Overexposure of four workers at an irradiation facility Stamboliysky, Bulgaria 2011
5 Accident with Wider Consequences Severe damage to the reactor core Three Mile Island Nuclear Power Plant, USA 1979
    Four people died after being overexposed from an abandoned and ruptured high activity source Goiania, Brazil  1987
6 Serious Accident Significant release of radioactive material to the environment after the explosion of a high activity waste tank Kyshtym, Russian Federation 1957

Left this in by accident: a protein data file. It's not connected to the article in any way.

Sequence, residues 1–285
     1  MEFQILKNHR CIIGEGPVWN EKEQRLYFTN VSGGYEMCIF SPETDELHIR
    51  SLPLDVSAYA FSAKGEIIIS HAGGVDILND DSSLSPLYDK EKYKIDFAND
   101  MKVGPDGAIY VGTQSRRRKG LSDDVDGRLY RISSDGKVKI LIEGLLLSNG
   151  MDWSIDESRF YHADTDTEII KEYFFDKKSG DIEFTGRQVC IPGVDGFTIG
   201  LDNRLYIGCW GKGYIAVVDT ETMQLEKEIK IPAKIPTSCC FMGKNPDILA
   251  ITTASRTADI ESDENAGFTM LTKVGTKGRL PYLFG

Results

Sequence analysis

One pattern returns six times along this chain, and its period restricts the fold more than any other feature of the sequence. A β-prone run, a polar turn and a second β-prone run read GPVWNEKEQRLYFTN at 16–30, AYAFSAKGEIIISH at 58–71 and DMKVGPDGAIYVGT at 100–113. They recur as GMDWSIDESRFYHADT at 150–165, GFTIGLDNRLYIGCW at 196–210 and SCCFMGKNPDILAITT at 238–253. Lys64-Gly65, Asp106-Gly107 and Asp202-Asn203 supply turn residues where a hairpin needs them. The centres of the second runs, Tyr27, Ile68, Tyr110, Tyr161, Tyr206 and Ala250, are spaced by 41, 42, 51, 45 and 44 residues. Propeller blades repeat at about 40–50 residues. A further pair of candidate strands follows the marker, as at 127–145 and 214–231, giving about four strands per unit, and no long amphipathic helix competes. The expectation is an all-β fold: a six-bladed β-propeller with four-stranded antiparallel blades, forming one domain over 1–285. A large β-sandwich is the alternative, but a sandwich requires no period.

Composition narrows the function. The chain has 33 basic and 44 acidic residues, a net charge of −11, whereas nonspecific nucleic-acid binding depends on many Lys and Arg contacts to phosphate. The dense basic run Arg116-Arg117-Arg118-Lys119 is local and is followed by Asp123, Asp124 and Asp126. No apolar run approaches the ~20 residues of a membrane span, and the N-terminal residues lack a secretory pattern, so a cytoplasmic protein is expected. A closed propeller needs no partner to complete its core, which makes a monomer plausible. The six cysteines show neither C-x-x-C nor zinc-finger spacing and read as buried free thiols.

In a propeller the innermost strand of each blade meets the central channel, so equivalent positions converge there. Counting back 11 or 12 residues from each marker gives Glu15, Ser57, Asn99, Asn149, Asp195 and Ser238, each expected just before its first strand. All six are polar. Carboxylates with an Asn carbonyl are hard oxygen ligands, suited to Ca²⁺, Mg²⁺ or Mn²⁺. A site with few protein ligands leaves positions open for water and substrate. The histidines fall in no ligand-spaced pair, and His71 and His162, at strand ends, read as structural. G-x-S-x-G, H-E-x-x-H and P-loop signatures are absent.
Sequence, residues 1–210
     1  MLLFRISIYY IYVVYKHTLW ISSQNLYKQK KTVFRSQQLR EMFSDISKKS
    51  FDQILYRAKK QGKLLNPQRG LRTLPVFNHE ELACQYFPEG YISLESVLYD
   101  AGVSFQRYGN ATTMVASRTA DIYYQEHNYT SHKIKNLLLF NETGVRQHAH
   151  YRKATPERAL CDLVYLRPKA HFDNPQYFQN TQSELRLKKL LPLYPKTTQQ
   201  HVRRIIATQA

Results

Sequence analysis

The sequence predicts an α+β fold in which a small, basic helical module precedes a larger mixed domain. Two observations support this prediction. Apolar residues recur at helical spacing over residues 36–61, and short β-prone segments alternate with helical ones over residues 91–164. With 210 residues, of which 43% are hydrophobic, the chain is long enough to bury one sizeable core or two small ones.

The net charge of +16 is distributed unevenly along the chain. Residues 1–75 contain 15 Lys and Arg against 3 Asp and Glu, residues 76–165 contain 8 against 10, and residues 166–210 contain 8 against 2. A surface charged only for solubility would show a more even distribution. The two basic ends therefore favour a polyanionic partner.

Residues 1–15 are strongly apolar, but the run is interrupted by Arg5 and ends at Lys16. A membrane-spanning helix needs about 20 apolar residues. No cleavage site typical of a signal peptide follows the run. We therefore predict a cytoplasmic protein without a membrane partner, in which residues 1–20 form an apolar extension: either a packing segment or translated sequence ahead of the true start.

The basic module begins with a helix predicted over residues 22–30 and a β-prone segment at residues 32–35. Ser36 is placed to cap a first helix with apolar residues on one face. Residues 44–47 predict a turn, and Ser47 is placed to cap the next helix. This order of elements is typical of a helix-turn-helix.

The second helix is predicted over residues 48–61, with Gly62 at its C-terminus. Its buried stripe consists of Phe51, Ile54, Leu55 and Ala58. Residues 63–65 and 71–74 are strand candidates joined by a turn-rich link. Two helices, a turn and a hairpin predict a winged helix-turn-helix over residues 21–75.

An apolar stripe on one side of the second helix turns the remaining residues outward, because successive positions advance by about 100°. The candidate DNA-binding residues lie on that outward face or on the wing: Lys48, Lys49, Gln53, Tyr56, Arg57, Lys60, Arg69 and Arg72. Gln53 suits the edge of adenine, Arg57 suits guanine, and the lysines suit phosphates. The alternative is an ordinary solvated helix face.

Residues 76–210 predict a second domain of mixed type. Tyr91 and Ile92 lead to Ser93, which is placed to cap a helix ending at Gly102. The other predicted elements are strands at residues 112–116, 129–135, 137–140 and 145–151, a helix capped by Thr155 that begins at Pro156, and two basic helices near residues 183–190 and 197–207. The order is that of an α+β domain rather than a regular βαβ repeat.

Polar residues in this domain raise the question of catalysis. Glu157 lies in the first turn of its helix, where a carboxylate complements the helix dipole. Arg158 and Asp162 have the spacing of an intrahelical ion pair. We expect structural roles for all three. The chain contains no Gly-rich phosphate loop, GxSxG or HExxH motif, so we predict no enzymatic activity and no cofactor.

7 Major Accident Significant release of radioactive material to the environment resulting in widespread health and environmental effects  Chernobyl, Ukraine 1986
    Significant release of radioactive material to the environment resulting in widespread environmental effects Fukushima, Japan 2011

(1) International Nuclear and Radiological Event Scale.

Source: International Atomic Energy Agency. INES Flyer.